Yahya Hussein was jailed on Friday for 21 months. Photo: Johan Gadegaard/Scanpix 2016)
Hassan's debut poetry collection sold a record 100,000 copies in just a few months in 2013, in a country where poetry collections are usually printed in the hundreds.
Writing in all caps without any punctuation, he used street slang and blunt word play to deliver a damning indictment of his parents' generation of immigrants who came to Denmark in the 1980s, describing domestic violence, benefits fraud and religious hypocrisy on the Aarhus housing estate where he grew up.
In the poem “Satellite dish” he writes: “WE HAD NO DANISH CHANNELS/WE HAD AL JAZEERA … WE HAD NO PLANS/BECAUSE ALLAH HAD PLANS FOR US.”
But on Friday, an Aarhus court handed the 21-year-old a one year and nine month prison sentence for shooting and injuring a 17-year-old man and for 34 other offences ranging from driving under the influence to stealing 64 kroner (8.6 euros, $9.7) worth of beer in a bar.
The writer claimed to have been acting in self defence after the unarmed 17-year-old hit him.
In 2013, Hassan, a tall, gangly teenager with curly hair pulled back in a trademark ponytail, became an instant media sensation after claiming the children of immigrants “were not let down by the system, but by our parents.”
The anti-immigration Danish People's Party (DPP) hailed his message, which they saw as confirming what they have said about immigrants all along.
“I think it's really hypocritical that people who buy his books and praise him have previously been so opposed to what the DPP has said for many years,” the party's co-founder, Pia Kjaersgaard, told tabloid Ekstra Bladet at the time.
Aged 13, Hassan was placed in the first of a series of institutions for juvenile delinquents where social workers said they were unable to handle him. At 16, he was introduced to literature by a female teacher who was later fired for having had a sexual relationship with him.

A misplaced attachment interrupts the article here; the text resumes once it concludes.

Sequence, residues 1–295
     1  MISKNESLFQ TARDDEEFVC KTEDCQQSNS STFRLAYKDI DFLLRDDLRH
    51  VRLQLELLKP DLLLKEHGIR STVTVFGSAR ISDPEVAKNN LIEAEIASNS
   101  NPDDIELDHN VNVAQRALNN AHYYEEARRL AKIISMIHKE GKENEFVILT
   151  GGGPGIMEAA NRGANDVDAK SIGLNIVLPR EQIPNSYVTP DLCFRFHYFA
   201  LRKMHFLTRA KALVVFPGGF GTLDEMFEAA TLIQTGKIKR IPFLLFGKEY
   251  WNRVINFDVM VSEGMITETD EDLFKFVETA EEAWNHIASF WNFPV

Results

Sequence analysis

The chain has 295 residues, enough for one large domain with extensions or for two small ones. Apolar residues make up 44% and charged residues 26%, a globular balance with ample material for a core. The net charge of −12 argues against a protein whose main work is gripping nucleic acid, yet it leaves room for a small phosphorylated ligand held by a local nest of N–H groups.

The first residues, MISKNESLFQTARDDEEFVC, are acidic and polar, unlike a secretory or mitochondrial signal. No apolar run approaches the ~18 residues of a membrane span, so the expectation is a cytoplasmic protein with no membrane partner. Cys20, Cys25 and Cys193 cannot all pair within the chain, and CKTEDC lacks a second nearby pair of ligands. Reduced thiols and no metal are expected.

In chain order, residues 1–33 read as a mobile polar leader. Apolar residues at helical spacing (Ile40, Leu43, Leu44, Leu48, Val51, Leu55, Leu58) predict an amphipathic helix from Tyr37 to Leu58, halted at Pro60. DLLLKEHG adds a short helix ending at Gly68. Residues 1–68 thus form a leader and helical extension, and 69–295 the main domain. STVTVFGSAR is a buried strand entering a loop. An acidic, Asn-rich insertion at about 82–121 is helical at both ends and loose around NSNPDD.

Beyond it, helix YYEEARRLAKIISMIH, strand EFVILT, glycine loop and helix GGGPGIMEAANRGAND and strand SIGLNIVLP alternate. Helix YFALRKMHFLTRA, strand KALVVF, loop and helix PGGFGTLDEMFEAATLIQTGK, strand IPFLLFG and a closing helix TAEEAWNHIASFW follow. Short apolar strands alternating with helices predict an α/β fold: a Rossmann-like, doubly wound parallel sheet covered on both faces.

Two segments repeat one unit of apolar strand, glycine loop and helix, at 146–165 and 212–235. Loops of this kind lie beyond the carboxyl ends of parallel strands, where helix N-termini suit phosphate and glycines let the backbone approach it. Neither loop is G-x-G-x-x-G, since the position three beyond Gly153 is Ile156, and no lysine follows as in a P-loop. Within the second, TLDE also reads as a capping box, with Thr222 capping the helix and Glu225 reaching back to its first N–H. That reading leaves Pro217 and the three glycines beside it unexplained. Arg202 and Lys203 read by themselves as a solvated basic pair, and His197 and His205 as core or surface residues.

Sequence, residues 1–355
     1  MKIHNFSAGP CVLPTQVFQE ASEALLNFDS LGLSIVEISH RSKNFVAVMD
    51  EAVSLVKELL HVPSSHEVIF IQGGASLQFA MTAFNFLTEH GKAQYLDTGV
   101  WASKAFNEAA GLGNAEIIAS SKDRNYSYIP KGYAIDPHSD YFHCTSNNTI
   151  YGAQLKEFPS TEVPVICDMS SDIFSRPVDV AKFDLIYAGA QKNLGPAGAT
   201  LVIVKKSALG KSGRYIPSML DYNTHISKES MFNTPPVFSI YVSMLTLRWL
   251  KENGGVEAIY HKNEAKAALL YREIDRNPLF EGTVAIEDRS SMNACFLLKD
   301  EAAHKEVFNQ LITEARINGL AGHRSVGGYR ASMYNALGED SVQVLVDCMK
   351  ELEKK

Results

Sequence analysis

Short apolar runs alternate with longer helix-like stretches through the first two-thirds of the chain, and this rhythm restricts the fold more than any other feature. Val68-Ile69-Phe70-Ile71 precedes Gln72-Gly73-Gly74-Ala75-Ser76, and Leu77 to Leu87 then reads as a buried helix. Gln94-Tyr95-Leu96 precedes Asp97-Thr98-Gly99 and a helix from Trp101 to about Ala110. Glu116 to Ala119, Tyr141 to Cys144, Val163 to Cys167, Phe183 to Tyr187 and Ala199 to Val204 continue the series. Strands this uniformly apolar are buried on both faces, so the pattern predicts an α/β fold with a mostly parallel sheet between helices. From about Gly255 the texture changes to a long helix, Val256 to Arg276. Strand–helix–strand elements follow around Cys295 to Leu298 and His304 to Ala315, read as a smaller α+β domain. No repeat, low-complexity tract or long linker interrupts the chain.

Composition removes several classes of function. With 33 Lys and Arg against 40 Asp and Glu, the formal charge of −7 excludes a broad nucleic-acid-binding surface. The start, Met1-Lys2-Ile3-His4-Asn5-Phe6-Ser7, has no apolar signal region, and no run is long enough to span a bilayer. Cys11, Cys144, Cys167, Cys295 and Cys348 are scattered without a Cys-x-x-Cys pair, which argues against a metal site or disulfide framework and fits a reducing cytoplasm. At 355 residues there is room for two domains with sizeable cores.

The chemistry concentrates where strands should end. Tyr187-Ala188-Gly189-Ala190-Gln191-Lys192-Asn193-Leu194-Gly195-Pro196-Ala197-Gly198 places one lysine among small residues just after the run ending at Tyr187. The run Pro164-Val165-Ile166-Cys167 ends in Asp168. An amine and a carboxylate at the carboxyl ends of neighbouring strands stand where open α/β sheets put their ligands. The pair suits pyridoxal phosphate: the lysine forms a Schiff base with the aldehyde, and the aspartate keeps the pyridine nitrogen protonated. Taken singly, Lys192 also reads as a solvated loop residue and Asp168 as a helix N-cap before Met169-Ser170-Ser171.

Two years later, living in Copenhagen, he had won several literary prizes and had become the darling of Denmark's cultural elite. But he seemed unwilling — or unable — to shake off his past, moving back
to Aarhus a few months after his breakthrough.
Many young Danes of immigrant origin disliked Hassan for his negative views on their communities and their religion. In November 2013, he was assaulted in Copenhagen's main train station by a 24-year-old man previously convicted of trying to commit an act of terror.
Death threats against him began appearing in social media, meaning he had to live under the protection of the Danish Security and Intelligence Service, which he later renounced.
An attempt to enter parliament for a political party targeting the immigrant vote failed, and he was kicked out of it following a series of controversies that included driving under the influence of drugs.
Hassan began writing increasingly aggressive Facebook posts, and a confused television interview in February had many questioning his mental health.
Danish author Kaspar Colling said the former wunderkind was living with a double threat: from Islamists as well as immigrant youth who viewed him as a “traitor”.
“I met him one day when he had been assaulted three times. He had only been to (supermarket) Netto,” he told daily Politiken.
The writer's publisher should have removed some of the wider criticism of Islam that was non-essential to his work, since an 18-year-old was unable to foresee the consequences, he argued.